The Silent Generation, marked by World War II and the Great Depression, are the parents of Generation X and the grandparents of Millennials, and some of Generation Z. The Silent Generation makes up for the majority of the “senior generation” in the US today, but will soon be passed out by Baby Boomers.
Years: 1946 to 1964
- Age range: 58-76
- Size: 69.6 million
Formerly the Largest Generation in the US
In 1999, Baby Boomers made up the largest percentage of people in the US at 78.8 million. By the mid-20th century, Baby Boomers are estimated to only account for around 16.2 million. As of the 2020 census, they accounted for 69.6 million.
Events that Shaped Them
With the rise in population size, Americans were forced to discover new ways to meet supply and demand. This introduced the birth of mass manufacturing, which began in the early 1900s, but boomed in the ’50s-’70s with plastic products– a cheaper alternative to meet demands. Civil rights activism (1954-1968), the Space Race (1957 – 1975), Woodstock, the Cold War, the Cuban Missile Crisis, and Beatlemania (the rise of rock music) are just some of the events that shaped this generation.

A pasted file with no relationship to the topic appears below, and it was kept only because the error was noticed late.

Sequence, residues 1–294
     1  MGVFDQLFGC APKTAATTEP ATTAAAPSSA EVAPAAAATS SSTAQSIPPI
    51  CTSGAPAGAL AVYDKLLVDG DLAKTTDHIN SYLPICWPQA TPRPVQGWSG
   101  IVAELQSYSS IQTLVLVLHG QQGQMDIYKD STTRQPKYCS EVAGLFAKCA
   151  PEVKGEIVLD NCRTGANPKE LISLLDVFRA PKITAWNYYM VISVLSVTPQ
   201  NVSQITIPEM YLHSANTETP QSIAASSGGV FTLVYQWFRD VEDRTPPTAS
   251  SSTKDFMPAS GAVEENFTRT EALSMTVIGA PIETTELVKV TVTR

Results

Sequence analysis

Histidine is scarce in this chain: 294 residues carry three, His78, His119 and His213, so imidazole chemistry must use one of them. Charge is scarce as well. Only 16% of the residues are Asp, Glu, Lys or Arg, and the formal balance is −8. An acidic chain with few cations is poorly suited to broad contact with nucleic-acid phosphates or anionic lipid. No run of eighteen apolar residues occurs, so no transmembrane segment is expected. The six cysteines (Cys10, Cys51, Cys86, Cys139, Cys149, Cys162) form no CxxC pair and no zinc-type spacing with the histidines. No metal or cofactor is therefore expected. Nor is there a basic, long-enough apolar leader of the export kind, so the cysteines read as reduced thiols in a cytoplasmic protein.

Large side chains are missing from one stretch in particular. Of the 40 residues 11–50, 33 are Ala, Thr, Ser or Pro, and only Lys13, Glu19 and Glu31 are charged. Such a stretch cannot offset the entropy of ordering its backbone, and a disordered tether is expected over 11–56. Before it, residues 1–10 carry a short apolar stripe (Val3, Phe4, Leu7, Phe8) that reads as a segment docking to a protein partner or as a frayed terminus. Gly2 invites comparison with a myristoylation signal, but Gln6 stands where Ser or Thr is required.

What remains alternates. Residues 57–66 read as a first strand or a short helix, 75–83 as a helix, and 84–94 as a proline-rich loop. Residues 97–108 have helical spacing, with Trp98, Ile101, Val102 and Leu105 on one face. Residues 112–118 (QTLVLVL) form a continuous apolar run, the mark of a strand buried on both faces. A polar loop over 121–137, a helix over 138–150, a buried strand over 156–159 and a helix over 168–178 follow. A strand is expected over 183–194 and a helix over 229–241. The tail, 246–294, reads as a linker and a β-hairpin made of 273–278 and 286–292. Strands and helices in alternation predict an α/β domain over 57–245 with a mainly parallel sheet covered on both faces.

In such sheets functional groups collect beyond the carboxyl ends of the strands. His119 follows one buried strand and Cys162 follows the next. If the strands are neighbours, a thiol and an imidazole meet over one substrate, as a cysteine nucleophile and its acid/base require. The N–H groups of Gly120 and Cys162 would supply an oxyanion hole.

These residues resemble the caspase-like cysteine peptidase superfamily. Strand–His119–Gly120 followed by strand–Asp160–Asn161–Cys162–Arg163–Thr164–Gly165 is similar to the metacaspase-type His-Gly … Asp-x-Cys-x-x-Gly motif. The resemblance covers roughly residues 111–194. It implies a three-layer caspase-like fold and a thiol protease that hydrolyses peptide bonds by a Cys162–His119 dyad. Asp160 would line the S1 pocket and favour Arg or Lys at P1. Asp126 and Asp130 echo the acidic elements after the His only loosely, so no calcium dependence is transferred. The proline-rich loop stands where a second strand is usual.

Upcoming Senior Generation
Baby Boomers will all be over the age of 65 by 2030, making them the upcoming largest generation of seniors the US has ever seen. This shift in the increasing senior population increases the need for geriatric care and is changing the healthcare system.
As many people in this generation are retiring, a large majority are still working and continue to work. In fact, most of the younger Baby Boomers are still employed, and around 29% are actively still seeking employment. However, the COVID-19 pandemic did cause a sharp increase in retirement.
Years: 1965 to 1979/80